D.C. and private donors should settle teachers contract differences
THE FATE of a groundbreaking contract for D.C. teachers has been caught in controversy over how to pay for it. Private foundations that have offered millions of dollars want to ensure that the money is used for its intended purposes; D.C. Chief Financial Officer Natwar M. Gandhi wants to make sure the city doesn't get stuck with unexpected expenses. Both concerns are reasonable, but they need not be contradictory. With modest accommodations from all parties, the schools can move forward with a contract notable for its benefits to students as well as teachers.
At issue is some $64 million that private foundations have pledged to support a new contract with the Washington Teachers' Union. As is standard for private foundation grant agreements, there are conditions attached. Two seem to be of biggest concern: a provision that allows the funders to reconsider their support if there is a material change in school leadership and a requirement that schools meet certain targets of achievement. Mr. Gandhi naturally worries that the city could be handed the bill if, for instance, Chancellor Michelle A. Rhee loses her job as a result of this year's mayoral election and the foundations pull their funds. Mayor Adrian M. Fenty would retain her, but D.C. Council Chairman Vincent C. Gray (D), who has been critical of Ms. Rhee, is noncommittal.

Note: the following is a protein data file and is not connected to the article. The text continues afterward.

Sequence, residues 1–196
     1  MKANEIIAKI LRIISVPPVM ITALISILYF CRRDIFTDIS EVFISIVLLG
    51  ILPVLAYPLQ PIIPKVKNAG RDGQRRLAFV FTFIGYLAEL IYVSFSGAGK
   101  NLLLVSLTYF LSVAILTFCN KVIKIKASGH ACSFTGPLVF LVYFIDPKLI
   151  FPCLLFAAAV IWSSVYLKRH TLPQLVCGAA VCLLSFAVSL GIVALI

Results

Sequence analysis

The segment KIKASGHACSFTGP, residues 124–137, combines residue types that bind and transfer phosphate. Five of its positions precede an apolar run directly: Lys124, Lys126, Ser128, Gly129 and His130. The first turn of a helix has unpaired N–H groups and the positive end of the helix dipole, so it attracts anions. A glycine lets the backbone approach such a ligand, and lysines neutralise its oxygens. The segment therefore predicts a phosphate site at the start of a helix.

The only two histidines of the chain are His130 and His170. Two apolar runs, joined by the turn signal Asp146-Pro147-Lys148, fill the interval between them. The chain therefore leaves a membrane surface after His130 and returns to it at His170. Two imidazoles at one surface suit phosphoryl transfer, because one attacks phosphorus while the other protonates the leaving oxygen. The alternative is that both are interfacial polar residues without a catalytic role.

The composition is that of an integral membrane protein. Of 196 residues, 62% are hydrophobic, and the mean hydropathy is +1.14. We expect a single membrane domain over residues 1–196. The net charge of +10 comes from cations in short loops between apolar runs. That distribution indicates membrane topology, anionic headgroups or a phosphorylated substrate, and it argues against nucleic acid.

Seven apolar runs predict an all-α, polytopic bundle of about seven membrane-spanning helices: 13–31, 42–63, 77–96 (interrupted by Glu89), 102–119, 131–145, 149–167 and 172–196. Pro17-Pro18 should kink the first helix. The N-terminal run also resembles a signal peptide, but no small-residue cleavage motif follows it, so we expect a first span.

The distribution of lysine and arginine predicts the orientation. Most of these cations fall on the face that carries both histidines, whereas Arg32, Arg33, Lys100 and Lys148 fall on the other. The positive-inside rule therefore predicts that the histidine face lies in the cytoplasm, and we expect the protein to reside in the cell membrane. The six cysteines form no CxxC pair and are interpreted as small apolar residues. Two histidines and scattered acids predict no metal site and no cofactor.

But closer examination of the numbers reveals that the obstacles are not insurmountable. Only $21 million of the private funds is slated for the contractually obligated raises, and reportedly the foundations have agreed to provide $16.6 million up front, well before the mayoral election. The only conditions for the city to get that money is that the contract be ratified by the union membership and approved by the D.C. Council, not unreasonable demands. That leaves some $4 million, a manageable amount, to be made up. The rest of the foundation money is targeted mainly toward performance pay and, in the unlikely event that the foundations pull their support, the District would have the simple option of not providing such pay; it is not written into the proposed contract.
Other issues need to be resolved. The on-again, off-again surplus has caused confusion about school spending, and Mr. Fenty and Ms. Rhee need to present a clear picture of where they are getting the public money to fund the contract. Complicating the situation is a gloomy budget picture for next year, with some council members talking about the need for further cuts or new taxes.
But in a budget the size of the District's, the money can be found. The question is whether council members want that to happen. The proposed contract, if teachers vote to approve it, would go a long way toward improving education in this city and bettering the lives of its children. If the foundations and city officials acknowledge that, making it a reality will not be all that difficult.